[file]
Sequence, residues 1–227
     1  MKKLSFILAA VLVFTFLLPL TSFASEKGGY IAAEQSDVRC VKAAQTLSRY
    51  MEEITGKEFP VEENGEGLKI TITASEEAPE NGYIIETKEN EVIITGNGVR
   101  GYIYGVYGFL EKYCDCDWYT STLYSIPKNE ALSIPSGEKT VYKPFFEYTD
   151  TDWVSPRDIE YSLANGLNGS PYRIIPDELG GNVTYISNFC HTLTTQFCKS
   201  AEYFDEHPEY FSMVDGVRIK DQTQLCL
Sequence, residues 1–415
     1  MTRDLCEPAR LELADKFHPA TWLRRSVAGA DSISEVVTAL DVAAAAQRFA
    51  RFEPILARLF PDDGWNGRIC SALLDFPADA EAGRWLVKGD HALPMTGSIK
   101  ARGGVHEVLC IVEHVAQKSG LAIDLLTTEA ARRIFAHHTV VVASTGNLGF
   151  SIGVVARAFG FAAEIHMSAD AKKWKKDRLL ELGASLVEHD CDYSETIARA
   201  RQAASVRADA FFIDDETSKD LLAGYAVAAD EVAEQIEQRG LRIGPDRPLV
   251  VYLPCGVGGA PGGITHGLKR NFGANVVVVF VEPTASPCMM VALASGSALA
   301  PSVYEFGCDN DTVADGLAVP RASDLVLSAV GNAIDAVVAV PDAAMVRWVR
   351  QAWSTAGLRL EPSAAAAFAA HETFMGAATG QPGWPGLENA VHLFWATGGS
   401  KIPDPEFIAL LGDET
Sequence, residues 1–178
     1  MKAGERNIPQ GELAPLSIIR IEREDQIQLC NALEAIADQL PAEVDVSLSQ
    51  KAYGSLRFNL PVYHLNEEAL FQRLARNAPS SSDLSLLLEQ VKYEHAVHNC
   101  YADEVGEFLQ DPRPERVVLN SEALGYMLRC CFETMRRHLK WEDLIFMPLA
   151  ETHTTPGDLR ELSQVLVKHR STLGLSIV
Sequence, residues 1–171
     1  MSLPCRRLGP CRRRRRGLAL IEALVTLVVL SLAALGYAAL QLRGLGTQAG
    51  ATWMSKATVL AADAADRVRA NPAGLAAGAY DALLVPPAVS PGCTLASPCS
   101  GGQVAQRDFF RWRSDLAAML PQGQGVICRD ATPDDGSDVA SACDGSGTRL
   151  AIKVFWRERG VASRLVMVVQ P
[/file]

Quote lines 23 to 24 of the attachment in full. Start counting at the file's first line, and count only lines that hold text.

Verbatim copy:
     1  MSLPCRRLGP CRRRRRGLAL IEALVTLVVL SLAALGYAAL QLRGLGTQAG
    51  ATWMSKATVL AADAADRVRA NPAGLAAGAY DALLVPPAVS PGCTLASPCS